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Blizard Institute - Faculty of Medicine and Dentistry

Professor Abhishek Banerjee, DPhil, MSc


Professor of Neuroscience

Centre: Centre for Neuroscience, Surgery and Trauma

Twitter: @abhii_mit


Abhi did D.Phil. in Physiology at the University of Oxford as a Felix Scholar in the laboratory of Professor Ole Paulsen. Abhi studied spike timing-dependent learning rules and the roles of NMDA receptors in cortical development and plasticity. During his postdoctoral training, Abhi worked as a Simons Foundation Fellow at MIT with Professor Mriganka Sur, focusing on inhibitory mechanisms in cortical plasticity. Furthermore, he investigated cellular and circuit mechanisms of inhibitory dysfunctions in Rett syndrome, a neurodevelopmental disorder in the autism spectrum. He postulated functional mechanistic rescue using recombinant human IGF1, the only drug now approved by the FDA for Rett Syndrome. During his time at MIT, he was also an Instructor at the Department of Biology and a Teaching Fellow in Neurobiology at the Department of Molecular and Cellular Biology, Harvard University. He moved to the University of Zürich as a Marie SkÅ‚odowska-Curie Fellow and NARSAD Young Investigator to work with Professor Fritjof Helmchen, where he developed assays to study flexibility of learning and prefrontal-sensory interactions that guide such ability. After a brief stint at Newcastle University as an Associate Professor, Abhi joined Queen Mary University of London and Oxford as a Professor of Neuroscience with a Wellcome Career Development Award.

FENZ-Kavli Scholar profile


  • 2024 Course Faculty and Lecturer, Neurobiology: Mechanisms & Advanced Approaches, Marine Biological Laboratory Woods Hole, USA
  • BMD261 and BMD369 - Cellular and Molecular Neuroscience, Queen Mary University of London


Research Interests:

How do we learn new tasks in our everyday life? If you know how to play tennis, what happens when you start playing, say squash, for the first time? How does our brain understand and accommodate new sensorimotor actions (e.g., serve) as well as new ‘rules of the game’ (Merci, Monsieur Renoir)? Understanding how the brain learns a new sensory and cognitive task that allows ‘flexible behaviour’ is a hugely complex challenge. This is partly due to decentralised neural computation in the brain. Learning dynamics shape the properties of microscopic structures in individual neurons and how populations of similar or different types of neurons in different brain areas interact at the mesoscale to influence new learning and decision-making. We are fascinated by such questions.

The research in our Adaptive Decisions Lab entails a combination of parametric behavioural tasks, novel neurotechnology (viral methods, optogenetics, CRISPR), and multi-area imaging methods to reveal the dynamics of micro-and mesoscopic circuits during flexible behaviour. This effort promises substantial new insight into how dysfunction in mechanisms at either spatial scale leads to pathophysiology in autism spectrum disorders. We also merge the field of AI and neuroscience to implement new machine learning algorithms to decipher and better interpret how cognitive variables reorganise during learning. Finally, we are developing analogous cognitive tasks in humans with EEG and fMRI measurements to probe conserved circuit-specific computations in the brain. Dimensional psychiatry is at a crossroads; we need a cross-species neurobiological and computational footing to understand brain disorders.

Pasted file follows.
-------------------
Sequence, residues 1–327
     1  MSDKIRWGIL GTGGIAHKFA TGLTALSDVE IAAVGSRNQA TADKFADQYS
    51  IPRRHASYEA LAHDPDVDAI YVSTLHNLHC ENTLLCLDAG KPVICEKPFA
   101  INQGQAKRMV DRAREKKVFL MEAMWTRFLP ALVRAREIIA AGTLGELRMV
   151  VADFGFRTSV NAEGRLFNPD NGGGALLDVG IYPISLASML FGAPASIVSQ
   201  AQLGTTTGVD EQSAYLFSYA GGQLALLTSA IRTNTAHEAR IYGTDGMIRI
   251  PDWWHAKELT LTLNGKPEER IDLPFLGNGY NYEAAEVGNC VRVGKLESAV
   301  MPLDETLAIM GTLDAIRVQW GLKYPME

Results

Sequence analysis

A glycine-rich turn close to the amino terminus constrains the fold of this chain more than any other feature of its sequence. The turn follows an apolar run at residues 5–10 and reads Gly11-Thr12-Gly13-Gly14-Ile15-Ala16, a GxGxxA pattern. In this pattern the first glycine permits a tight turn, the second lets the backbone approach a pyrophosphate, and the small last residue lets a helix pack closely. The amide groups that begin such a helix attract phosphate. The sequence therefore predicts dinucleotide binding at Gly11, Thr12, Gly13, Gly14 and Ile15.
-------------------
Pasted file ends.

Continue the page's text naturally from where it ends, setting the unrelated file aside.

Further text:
Key Publications

  1. Wang BA, Veismann M, Banerjee A†, Pleger B† (2023) Human orbitofrontal cortex signals decision outcomes to sensory cortex during behavioural adaptations. Nature Communications 14. †Corresponding author.
  2. Gigliucci V, Teutsch J, Busnelli M, Chini B, and Banerjee A† (2022) Circuit-specific rescue of KCC2 by rhIGF-1 and oxytocin in a mouse model of Rett syndrome. Cerebral Cortex 13:2885-2894. †Corresponding author.
  3. Banerjee A†, Parente G, Teutsch J, Lewis C, Voigt FF and Helmchen F (2020) Value-guided remapping of sensory cortex by lateral orbitofrontal cortex. Nature 585:245-250. †Corresponding author. This paper was awarded the ‘Best Paper of the Year Award 2020’ by Society for Neuroeconomics.
  4. Banerjee A, Rikhye RV, Breton-Provencher V, Tang X, Li C, Li K, Runyan C, Fu Z, Jaenisch R, and Sur M (2016) Jointly reduced inhibition and excitation underlies circuit-wide changes in cortical processing in Rett Syndrome. PNAS 113(46):E7287-E7296.
  5. Swiech L*, Heidenreich M*, Banerjee A, Habib N, Sur M and Zhang F (2014) In vivo interrogation of gene function in the mammalian brain using Cas9. Nature Biotechnology, 33:102-106.

All Publications


Abhi is happy to discuss potential Ph.D. and Postdoc opportunities as well as sponsoring externally-funded fellowships. Please email Abhi for an informal inquiry:

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